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Why this? Tips on keeping Java Fern and Anubias

June 18, 2021 3 min read

Why this? Tips on keeping Java Fern and Anubias

Above: Java Fern 'melt' ( courtesy of Tiffany P.)

Java Fern (microsorum pteropus) and Anubias barteri ‘nana’ are among the hobby’s most hardy plants.
They can thrive in both softwater and hardwater, and can take anything from high to very low amounts of light. They don’t need CO2 or substrate to grow well. Their tougher leaves make them less vulnerable to herbivore damage, and less susceptible to handling damage during transport and planting.

However, their external toughness belies several weaknesses.

When overlooked, it is easy to get leaves that covered with brown algae and/or blackened edges. These two species are also prone to displaying ‘sudden death’…where a plant that seems OK might suddenly turn yellow, transparent or even ‘melt’ away.

Anubias algae

Above: a common occurrence on the leaves of Anubias (courtesy of Tiffany P.) As slow growers, both Java Fern and Anubias are especially vulnerable to the following:

  1. Fish waste. As slow growers, Java Fern and Anubias are more vulnerable to algae than faster growing plants. With an under-sized filter and infrequent housekeeping, detritus accumulates on their leaves. This feeds algae and often turn into an unsightly brown / black layer.

  2. Insufficient flow. Many tanks use overhang or 'hang-on-back' filters. These filters clog more easily by design, and many do not provide sufficient flow. Without enough water movement, detritus accumulates on the leaves. This serves as a food source for algae.

  3. Insufficient light. As shade plants, Java Fern and Anubias can survive with very low light. However, in a tank with floaters (read our previous article here), or taller plants / hardscape, it is easy to go below the minimum threshold without knowing it. If you observe very few or no new leaves, you may be giving too little light.

Sudden death?

As slow growers with tough leaves, Java Fern and Anubias often deteriorate ‘inside’ without showing decay.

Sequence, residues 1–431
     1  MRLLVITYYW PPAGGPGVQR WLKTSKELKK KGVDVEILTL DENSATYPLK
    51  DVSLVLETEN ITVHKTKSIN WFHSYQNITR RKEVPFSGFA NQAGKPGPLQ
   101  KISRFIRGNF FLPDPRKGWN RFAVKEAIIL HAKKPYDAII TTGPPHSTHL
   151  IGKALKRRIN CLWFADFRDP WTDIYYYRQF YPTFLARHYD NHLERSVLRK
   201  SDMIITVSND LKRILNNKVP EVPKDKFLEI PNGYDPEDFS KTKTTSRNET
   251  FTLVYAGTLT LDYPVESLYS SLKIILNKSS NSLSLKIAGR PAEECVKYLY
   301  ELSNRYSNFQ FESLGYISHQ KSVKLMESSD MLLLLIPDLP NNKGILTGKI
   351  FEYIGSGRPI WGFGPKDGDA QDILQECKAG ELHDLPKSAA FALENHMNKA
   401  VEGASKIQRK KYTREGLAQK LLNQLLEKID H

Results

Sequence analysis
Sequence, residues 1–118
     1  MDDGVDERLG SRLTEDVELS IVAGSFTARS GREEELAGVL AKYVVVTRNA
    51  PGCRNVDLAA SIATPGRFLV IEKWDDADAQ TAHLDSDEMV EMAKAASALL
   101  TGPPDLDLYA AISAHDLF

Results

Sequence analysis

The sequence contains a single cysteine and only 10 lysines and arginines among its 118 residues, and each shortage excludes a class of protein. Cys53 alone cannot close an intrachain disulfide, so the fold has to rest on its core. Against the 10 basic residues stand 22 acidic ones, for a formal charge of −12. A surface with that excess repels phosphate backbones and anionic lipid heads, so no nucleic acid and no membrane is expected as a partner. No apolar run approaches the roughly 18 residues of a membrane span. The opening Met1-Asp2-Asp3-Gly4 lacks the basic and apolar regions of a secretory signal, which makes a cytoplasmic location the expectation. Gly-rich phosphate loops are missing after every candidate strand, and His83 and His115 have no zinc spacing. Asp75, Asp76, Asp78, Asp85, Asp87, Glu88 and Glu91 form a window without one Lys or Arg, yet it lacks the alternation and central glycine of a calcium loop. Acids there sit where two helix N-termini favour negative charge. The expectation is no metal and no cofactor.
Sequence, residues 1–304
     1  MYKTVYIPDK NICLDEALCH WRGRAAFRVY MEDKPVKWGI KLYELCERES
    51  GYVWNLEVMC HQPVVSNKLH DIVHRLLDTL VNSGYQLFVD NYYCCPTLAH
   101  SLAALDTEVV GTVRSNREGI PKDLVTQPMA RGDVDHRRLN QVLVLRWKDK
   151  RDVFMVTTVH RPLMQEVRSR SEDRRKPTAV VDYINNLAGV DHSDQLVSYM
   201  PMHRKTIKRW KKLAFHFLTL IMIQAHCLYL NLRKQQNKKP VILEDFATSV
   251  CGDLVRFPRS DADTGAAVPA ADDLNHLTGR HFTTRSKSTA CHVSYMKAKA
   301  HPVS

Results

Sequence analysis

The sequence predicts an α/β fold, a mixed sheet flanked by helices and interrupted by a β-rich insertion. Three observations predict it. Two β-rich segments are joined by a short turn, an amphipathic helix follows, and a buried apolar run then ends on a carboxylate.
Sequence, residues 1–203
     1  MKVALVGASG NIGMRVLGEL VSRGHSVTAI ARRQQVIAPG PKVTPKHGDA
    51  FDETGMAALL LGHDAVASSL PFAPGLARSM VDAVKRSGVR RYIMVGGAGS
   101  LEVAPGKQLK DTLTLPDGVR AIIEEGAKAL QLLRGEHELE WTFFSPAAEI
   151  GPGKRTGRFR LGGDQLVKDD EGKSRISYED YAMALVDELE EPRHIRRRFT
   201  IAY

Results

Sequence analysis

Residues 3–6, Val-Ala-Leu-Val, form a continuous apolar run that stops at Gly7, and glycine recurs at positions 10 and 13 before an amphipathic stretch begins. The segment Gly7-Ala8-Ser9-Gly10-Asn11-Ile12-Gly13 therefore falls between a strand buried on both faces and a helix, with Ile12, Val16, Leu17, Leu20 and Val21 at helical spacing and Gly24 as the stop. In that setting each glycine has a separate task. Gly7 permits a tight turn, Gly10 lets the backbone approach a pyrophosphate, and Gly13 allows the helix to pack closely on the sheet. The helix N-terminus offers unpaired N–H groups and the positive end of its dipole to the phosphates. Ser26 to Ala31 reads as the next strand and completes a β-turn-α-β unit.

This can come from prolonged shading (often due to floaters) or having algae-covered leaves which deprive them of light.
Then suddenly, with the addition of a new fertiliser or an intended improvement (water change, new equipment etc.), the plant collapses, leaving the hobbyist bewildered.

The causes of the ’sudden death’ have been building up for weeks or months, but due to their tough outer shells, these plants appear normal, until they reach a tipping point or a change in tank environment.

This is probably the most tricky thing about Java Fern and Anubias.
They grow and adapt very slowly.
Improvements in flow, lighting and nutrition take minimally a few weeks to show any visible impact. Similarly, bad conditions take weeks or months to be reflected in the plants.

This delayed response makes it one of the hardest aspects to navigate for beginners.
It is impossibly hard to remember what we had for lunch 2 days ago.
How much harder it is to recall what tank changes were made 3 weeks ago!

2Hr low Tech Tank no CO2

Above: a ‘low tech’ tank with a lively fish population and thriving Java Fern and Anubias plants. This tank requires very infrequent cleaning ( water change once every 2 weeks, glass that remains clear of algae) The secret? A large part comes from good flow, in this case a properly sized canister filter.

Regardless of your present equipment or tank setup, 3 things you can do:

  1. Regularly change water The 2Hr Way. Stir up and siphon away the detritus on the leaves.
  2. If you already have algae covered leaves, review lighting and remove the ones that are too badly decayed. APT FIX is an effective algae treatment for leaves that are still fundamentally healthy.
  3. If you are using a hang-on back, clean it more often to help with flow.

Finally, remember the delayed ‘cause and effect’ in these slow growers. Don’t expect improvements to be reflected immediately. It takes several weeks. And ‘looking OK’ may not mean ‘healthy’ or ‘happy’. Always look out for new leaves. 

For more details, read our guide to Java Fern here and our article on keeping Anubias here.